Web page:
Louiselle also takes umbrage at an organization that, in her eyes, failed egregiously in not addressing the Black Lives Matter movement in a timely or adequate way. Even before the recent article was released, she was wary and suspicious of pursuing certification with a body whose ethics she disagreed with. The barriers to entry gave her pause. She had been looking into alternative accreditation, such as the Wine and Spirit Education Trust .

Yoder, who is one of the women in Dallas looked up to by the younger generation for having distinguished herself as a wine professional without the pin, considers herself lucky. Lucky to have left the culture of harassment and predation behind her in restaurants in New York, where she spent her 20s, and where she got used to standing up for herself. Lucky that she doesn’t have such stories of her own to share. Lucky, also, to have learned on the job in her various positions (including time in Napa), in a way that never made her feel she had to seek a certificate. Fortunate to have worked for employers who saw things the same way. Now, she is paying it forward in her hiring at Gemma and Sachet, though for her it’s simply a question of common sense. She hires for warmth and professionalism and without attachment to credentials.

Women, she hopes, will continue to speak up.

“I’d like to see a future where we’re not keeping women and people of color and our LGBTQ community out of positions of power.”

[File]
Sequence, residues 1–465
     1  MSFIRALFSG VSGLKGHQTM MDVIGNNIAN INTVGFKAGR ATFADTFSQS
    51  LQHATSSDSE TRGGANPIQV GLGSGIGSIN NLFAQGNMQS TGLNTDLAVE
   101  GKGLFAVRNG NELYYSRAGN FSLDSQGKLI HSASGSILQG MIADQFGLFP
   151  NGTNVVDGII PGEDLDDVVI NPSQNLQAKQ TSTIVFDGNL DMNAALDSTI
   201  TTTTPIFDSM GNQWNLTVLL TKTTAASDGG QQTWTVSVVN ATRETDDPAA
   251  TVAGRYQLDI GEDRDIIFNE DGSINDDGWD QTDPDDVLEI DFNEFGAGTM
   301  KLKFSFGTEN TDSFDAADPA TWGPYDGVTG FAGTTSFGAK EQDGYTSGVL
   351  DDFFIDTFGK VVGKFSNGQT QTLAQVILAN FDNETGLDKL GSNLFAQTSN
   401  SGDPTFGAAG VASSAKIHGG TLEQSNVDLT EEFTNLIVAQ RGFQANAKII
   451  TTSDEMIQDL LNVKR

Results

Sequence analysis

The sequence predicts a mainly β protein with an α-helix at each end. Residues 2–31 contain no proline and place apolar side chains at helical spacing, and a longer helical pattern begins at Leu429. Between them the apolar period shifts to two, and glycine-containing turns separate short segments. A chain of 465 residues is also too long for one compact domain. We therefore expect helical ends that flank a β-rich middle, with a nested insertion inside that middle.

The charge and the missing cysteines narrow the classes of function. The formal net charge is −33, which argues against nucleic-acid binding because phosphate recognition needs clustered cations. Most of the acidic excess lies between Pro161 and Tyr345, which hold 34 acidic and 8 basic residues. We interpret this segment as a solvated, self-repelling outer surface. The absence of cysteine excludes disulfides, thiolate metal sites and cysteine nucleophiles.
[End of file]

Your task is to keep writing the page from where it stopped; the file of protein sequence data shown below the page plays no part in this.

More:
Lauren Louiselle

Once the dust settles after the New York Times article, some hope there will be a general reckoning in the Court. One source, who asked to be unnamed in fear of potential professional repercussions, said she intended to continue seeking the Master Sommelier designation, not to prove herself, but in the hopes of offering leadership. Several sources cited bullying and gate-keeping attitudes or exasperation at experiences of being excluded from male-only tasting circles that only heightened inequities. Many imagine this will change how employers hire in the future, placing less emphasis on the certificate. They believe the industry can be a place of rich and robust mentorship, with a focus on solidarity, inclusion, and mutual support.

Above all, they fervently wish to see this exposure debunk a false narrative. They want the power drained from that storyline. “We can do more, and we should,” Keeling says.

“Women in wine and female wine professionals are not decorations that bring your bottle to you,” she wants to remind the world. “We are professionals who study just as hard, if not harder. Who dedicate ourselves to this industry just as much as men. We’re not there for your entertainment. We’re there to be badass professionals.”

“If this is a culture that we have allowed to develop,” she continues, she wants to use the new narrative to protect the victims and pave the way for the future women in wine. “They’re coming up, and we need to make sure that their experiences are different from ours,” she insists.

As for Louiselle, “I’d like to see a future where we’re not keeping women and people of color and our LGBTQ community out of positions of power,” she says. “I’d like to see a world where that’s not even a thing we have to think about.”

Editor’s Note: In addition to the anonymous source cited, some sources originally interviewed for this article wished to remain anonymous for reasons of legality or fear of professional retribution.